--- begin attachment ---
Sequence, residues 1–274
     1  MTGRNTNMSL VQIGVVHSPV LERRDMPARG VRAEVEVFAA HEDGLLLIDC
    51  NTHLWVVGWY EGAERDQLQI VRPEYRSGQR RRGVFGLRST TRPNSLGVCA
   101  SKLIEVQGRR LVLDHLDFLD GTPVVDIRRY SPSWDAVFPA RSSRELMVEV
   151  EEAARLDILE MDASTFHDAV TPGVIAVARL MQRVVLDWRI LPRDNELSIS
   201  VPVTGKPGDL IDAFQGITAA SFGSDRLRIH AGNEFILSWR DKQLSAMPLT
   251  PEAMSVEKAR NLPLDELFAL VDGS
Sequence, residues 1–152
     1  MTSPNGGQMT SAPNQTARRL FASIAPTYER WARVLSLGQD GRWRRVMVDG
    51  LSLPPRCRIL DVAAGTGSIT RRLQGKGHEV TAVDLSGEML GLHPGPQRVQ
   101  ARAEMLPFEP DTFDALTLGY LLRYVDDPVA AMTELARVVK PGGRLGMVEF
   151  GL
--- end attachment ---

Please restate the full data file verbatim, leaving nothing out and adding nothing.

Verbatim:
Sequence, residues 1–274
     1  MTGRNTNMSL VQIGVVHSPV LERRDMPARG VRAEVEVFAA HEDGLLLIDC
    51  NTHLWVVGWY EGAERDQLQI VRPEYRSGQR RRGVFGLRST TRPNSLGVCA
   101  SKLIEVQGRR LVLDHLDFLD GTPVVDIRRY SPSWDAVFPA RSSRELMVEV
   151  EEAARLDILE MDASTFHDAV TPGVIAVARL MQRVVLDWRI LPRDNELSIS
   201  VPVTGKPGDL IDAFQGITAA SFGSDRLRIH AGNEFILSWR DKQLSAMPLT
   251  PEAMSVEKAR NLPLDELFAL VDGS
Sequence, residues 1–152
     1  MTSPNGGQMT SAPNQTARRL FASIAPTYER WARVLSLGQD GRWRRVMVDG
    51  LSLPPRCRIL DVAAGTGSIT RRLQGKGHEV TAVDLSGEML GLHPGPQRVQ
   101  ARAEMLPFEP DTFDALTLGY LLRYVDDPVA AMTELARVVK PGGRLGMVEF
   151  GL